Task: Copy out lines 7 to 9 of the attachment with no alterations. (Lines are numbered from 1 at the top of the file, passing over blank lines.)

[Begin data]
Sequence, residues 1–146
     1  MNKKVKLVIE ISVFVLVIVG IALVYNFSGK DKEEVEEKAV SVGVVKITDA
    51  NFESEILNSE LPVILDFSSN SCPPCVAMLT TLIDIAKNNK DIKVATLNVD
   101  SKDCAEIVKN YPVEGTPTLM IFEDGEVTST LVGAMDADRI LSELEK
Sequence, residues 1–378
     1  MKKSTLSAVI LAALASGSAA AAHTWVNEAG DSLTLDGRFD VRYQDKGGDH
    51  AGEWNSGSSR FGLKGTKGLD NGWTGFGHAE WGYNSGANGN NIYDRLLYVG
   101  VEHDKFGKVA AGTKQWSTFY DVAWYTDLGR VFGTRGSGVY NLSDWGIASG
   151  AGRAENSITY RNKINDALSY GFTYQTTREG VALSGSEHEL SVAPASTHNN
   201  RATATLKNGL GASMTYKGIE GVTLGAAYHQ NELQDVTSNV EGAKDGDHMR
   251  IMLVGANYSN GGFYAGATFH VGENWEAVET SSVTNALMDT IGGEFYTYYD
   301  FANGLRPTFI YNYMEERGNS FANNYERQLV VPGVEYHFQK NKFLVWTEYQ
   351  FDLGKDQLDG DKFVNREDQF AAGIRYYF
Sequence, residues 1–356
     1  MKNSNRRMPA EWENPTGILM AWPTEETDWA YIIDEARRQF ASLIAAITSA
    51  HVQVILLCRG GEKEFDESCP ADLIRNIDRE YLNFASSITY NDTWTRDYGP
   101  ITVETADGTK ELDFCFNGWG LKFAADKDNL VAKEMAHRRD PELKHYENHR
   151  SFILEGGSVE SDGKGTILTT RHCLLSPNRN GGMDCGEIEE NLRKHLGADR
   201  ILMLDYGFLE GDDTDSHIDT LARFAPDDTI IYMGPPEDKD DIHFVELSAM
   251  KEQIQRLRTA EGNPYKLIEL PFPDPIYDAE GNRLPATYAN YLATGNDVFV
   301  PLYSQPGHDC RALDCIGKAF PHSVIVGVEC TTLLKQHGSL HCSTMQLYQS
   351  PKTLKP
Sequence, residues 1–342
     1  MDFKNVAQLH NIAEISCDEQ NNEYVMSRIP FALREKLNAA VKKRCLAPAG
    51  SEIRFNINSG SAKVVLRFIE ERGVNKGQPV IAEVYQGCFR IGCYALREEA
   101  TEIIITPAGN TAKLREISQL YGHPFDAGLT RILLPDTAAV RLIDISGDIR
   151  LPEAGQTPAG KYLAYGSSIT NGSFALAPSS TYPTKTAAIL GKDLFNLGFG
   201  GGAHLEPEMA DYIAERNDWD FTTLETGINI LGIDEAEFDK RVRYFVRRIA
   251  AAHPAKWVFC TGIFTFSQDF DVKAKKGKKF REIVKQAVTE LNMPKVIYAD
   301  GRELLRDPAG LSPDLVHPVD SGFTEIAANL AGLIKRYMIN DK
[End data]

    51  AGEWNSGSSR FGLKGTKGLD NGWTGFGHAE WGYNSGANGN NIYDRLLYVG
   101  VEHDKFGKVA AGTKQWSTFY DVAWYTDLGR VFGTRGSGVY NLSDWGIASG
   151  AGRAENSITY RNKINDALSY GFTYQTTREG VALSGSEHEL SVAPASTHNN